1. On the 25th of February 1909 the plaintiff, Gaya Prasad, being at that time just over 18 years of age, executed in favour of the defendant, Sarfaraz Chaudhri, a mortgage-deed for Rs. 349-13-6, hypothecating a 6-pie zemindari share of his own in village Lohraula. Out of the consideration only Rs. 56 was paid in cash at registration, and the balance was said to represent principal and interest on two older bonds executed by Gaya Prasad. As a matter of fact the two older bonds in question, one for Rs. 99 and the other for Rs. 81, were produced and apparently purported to have been executed jointly by Gaya Prasad and his mother. It has been found that Gaya Prasad's mother had obtained a certificate of guardianship under the Guardians and Wards Act prior to the date of the execution of the mortgage--deed in suit. Under the law, therefore, Gaya Prasad was a minor on the 25th of February 1909. He brought the present suit for a declaration that the document in question is null and void and not binding on the plaintiff and of no effect as regards the property therein hypothecated. The first Court decreed the claim; but, acting under the discretion conferred by Section 41 of the Specific Relief Act I of 1377, made this decree subject to payment by the plaintiff of the sum of Rs. 56, found to have been paid at the time of registration. Both parties appealed to the District Judge. There had been allegations of fraud on both sides. The plaintiff on the one hand denied that any consideration had passed, and over and above pleading his minority alleged that he had been induced to execute the mortgage-deed in suit by fraud; while the defendant alleged that he had been deceived by the plaintiff and that he knew nothing about the certificate of guardianship but believed the plaintiff to be of full age, as in fact he would have been but for the existence of that certificate. The learned District Judge has found that there was constructive fraud on the part of the plaintiff, in that he was bound to have informed the defendant, Sarfarax Chaudhri, of the fact of his minority but did not do so. He has not found that there was any actual false representation on the part of the plaintiff in regard to his age, nor does he purport in any way to apply the principle of estoppel so as to debar the plaintiff from asserting that he was in fact a minor on the date of the execution of the mortgage-deed. He has nevertheless passed a decree to the effect that the plaintiff do pay Rs. 349-13-6, the full consideration for the deed in suit, with Rs. 108-2 interest, and the costs incurred by the defendant in both Courts. The decree doos not provide for the event of this payment being made, unless such provision is considered to be implied from the words: The decree of lower Court be modified and a conditional decree be passed.' No doubt the learned District Judge had sufficient reason for feeling certain that the plaintiff will in no case make the payment in question. In the event of payment not being made, the suit for cancellation of the mortgage-deed was to stand dismissed with costs in both Courts. Against this decree the plaintiff appeals.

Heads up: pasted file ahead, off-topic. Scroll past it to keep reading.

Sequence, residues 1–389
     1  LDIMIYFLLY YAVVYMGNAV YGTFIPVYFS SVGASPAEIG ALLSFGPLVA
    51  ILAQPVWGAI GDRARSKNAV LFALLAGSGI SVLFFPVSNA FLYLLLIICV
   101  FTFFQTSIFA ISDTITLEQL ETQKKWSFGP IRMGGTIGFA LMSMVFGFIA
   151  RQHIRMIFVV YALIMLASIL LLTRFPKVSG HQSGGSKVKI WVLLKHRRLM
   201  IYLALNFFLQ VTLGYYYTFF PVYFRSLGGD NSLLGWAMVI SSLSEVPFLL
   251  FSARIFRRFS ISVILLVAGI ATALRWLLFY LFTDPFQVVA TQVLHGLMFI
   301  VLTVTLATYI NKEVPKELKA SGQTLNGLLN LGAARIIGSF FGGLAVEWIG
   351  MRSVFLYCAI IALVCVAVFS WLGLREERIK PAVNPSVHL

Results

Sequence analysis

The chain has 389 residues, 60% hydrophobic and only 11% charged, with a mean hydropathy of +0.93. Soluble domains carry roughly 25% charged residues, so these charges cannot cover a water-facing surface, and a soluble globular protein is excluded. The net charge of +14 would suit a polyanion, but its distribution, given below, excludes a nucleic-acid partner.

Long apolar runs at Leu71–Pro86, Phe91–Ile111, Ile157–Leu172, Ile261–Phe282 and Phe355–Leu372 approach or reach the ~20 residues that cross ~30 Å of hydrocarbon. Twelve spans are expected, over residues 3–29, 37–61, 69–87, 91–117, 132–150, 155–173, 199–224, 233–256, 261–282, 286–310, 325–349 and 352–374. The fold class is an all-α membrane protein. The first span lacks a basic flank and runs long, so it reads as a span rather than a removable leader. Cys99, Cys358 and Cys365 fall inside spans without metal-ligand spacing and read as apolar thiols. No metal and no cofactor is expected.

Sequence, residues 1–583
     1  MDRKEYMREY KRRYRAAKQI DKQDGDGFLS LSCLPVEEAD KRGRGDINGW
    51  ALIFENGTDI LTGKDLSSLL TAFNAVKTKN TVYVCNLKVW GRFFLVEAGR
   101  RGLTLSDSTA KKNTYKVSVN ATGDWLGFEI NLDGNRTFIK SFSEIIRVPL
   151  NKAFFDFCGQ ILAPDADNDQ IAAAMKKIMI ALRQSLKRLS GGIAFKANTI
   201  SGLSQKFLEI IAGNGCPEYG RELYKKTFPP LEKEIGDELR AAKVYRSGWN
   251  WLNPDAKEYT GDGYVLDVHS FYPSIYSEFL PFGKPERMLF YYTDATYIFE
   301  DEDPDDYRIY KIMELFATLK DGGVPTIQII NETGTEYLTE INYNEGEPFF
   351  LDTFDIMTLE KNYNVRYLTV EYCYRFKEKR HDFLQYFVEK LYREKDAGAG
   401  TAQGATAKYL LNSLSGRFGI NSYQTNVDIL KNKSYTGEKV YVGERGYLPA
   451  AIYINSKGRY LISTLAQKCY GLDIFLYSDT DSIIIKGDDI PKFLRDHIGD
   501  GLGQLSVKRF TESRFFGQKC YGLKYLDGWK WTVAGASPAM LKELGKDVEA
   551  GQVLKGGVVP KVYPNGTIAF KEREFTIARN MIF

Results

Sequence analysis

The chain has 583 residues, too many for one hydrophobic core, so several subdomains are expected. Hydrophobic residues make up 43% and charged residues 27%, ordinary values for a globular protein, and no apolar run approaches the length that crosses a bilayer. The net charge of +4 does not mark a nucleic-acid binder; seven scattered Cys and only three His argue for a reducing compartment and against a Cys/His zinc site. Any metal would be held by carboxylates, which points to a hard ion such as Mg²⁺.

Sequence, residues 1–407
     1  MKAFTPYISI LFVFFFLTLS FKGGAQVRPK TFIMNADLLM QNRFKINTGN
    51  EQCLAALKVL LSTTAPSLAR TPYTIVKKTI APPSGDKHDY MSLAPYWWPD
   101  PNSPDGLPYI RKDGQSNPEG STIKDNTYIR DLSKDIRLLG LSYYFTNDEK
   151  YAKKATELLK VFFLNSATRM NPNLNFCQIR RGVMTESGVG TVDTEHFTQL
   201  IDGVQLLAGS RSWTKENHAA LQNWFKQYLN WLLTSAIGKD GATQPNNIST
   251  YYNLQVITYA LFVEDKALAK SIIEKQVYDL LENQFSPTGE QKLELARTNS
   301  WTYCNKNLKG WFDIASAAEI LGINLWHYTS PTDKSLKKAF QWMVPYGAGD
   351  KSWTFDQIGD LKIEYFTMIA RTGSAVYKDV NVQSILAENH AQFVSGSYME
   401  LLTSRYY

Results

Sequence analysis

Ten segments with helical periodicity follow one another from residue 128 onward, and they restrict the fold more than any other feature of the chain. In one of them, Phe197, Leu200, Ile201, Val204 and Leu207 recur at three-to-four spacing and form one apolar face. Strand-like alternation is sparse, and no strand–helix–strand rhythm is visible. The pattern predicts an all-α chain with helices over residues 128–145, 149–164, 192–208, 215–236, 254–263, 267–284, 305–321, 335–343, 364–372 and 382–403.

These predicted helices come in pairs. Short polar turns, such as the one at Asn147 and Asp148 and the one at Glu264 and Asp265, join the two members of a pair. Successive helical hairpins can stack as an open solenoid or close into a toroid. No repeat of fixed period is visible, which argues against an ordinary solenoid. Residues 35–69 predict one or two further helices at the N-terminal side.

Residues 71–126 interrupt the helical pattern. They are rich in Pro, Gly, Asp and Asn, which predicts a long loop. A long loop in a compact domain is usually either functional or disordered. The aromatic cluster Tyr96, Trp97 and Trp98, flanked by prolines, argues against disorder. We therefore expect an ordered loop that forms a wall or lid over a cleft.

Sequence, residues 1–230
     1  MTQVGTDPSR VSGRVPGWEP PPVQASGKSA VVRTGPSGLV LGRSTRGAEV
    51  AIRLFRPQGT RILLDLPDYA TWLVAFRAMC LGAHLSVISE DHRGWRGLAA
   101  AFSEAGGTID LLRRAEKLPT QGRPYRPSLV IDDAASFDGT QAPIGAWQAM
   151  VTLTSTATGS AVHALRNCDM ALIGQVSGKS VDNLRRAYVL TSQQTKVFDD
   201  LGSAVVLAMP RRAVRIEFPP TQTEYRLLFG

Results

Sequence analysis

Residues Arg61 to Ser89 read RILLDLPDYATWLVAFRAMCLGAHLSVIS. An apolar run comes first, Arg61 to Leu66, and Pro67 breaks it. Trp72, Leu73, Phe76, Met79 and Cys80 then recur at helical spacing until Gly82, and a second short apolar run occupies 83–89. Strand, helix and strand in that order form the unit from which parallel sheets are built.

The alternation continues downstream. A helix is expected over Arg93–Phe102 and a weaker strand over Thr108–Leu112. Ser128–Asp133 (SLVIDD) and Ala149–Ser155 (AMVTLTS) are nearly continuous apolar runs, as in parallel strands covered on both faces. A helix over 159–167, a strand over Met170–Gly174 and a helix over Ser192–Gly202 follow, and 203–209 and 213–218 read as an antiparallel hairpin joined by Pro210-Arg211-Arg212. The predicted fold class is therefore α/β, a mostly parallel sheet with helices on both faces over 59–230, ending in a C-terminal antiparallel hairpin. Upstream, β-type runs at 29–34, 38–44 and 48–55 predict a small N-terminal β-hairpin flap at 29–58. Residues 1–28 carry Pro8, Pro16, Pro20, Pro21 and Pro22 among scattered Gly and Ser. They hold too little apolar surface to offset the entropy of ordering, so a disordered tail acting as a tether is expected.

2. He contends that there is no legal basis for a finding that the consideration for the mortgage-deed in suit had been paid in full, and further that the suit should in any case be decreed. The case law on the subject seems to me in a somewhat unsatisfactory condition. The later law on the subject is all based on the decision of their Lordships of the Privy Council in Mohori Bibi v. Dharmodas Ghose 30 C. 539 : 5 Bom. L.R. 421 : 7 C.W.N. 22 : 15 C.L.J. 69 : 14 Bom. L.R. 5 : 39 C. 232 : 29 I.A.1. It was there laid down in the plainest terms that a mortgage made by a minor is void. The head-note represents their Lordships as further deciding that a money-lender who has advanced money to a minor on the security of a mortgage is not entitled to re-payrnent of the money on a decree being made declaring the mortgage invalid. As a matter of fact their Lordships refer to the discretion vested in the Courts by Section 41 of the Specific Relief Act, without definitely deciding whether or not it would be a reasonable exercise of that discretion to refuse to declare a document void, which was really void in law, unless and until some payment were first made by the plaintiff. They content themselves with holding that on the facts of the case before them the Courts below had exercised a wise discretion in refusing to direct any such payment to be made. In Kamta Prasad v. Sheo Gopal Lal 26 A. 342; A.W.N. (1904) 41 a suit very similar to the present, in which the cancellation of a mortgage-deed executed by a minor had been unconditionally decreed by the Court below in spite of a finding that a sum of over Rs. 500 had been received by the plaintiff, the decision of the Court below was affirmed by a Bench of this Court. According to the head-note the case would be absolutely decisive on the question now before me; but it would seem from the body of the judgment that the learned Judges did not desire to commit themselves to any positive decision as to the limits of the discretion exeroiseable under Section 41 of the Specific Relief Act, jn cases where cancellation of a deed is sought on the ground of minority. In Jagar Nath Singh v. Lalta Prasad 1 Ind. Cas. 562 : 31 A. 21 : 5 A.L.J. 674 : A.W.N. (1908) 267 the question was as to the recovery of possession over land which had been conveyed by a deed of sale executed by a minor. The two learned Judges who heard that case differed as to the facts; but the learned Judge who was of opinion that the equities of the case were in favour of the vendees was prepared to make a decree in favour of the plaintiff subject to re-payment of the sale price. There seems to me in any case a distinction between a case for recovery of possession and a suit like the present, which is in reality a mere suit that a document which is void in law may be declared to be so, I was also referred to the case of Kanhai Lal v. Babu Ram 8 Ind. Cas. 888 : 8 A.L.J. 1058, in which a suit upon a promissory note executed by a minor was dismissed. The question of the possible application of Section 41 of the Specific Belief Act was referred to in the judgment but did not require to be determined. On the authorities it appears beyond question that, if the defendant were suing to enforce this mortgage-deed, his suit would be dismissed. Even supposing I were to dismiss this appeal and leave the decree of the lower Appellate Court as it stands, and that decree were to result in the dismissal of the plaintiff's suit for a declaration, there would still remain on record the finding between the parties that the plaintiff was a minor when he executed this mortgage. No suit could, therefore, be brought by Sarfaraz Chaudhri on this deed with any hope of success. It appears to me, therefore, that to refuse the plaintiff a declaration that this deed is void in law, except on condition of his paying to the defendant, Sarfaran, the mortgage-money, is logically equivalent to trying to compel the plaintiff to pay what he is not bound in law to pay. There might be something to be said for such a decree as was passed in this case by the Court of first instance; but the lower Appellate Court has in effect held that the plaintiff is not entitled to a declaration that this mortgage-deed is void unless he first pays into Court the entire amount due under it including interest up to date and the whole costs of the defendant, that is, everything which the defendant could possibly claim in a suit brought by him as plaintiff to enforce the provisions of this void contract. I incline to the opinion that the discretion conferred upon the Courts by Section 41 of the Specific Relief Act must be so interpreted and exercised as only to impose upon a plaintiff seeking relief by way of cancellation of an instrument such conditions as the law would impose upon him if the position of the parties were reversed and he were the defendant in a suit brought to enforce the instrument according to its terms. It seems to me impossible in any case to affirm the decree of the learned District Judge, and my own view of the law as at present advised is that the plaintiff's suit should have been decreed as brought I set aside the decrees of both the Courts below and decree the plaintiff's suit for a declaration as brought with costs through out.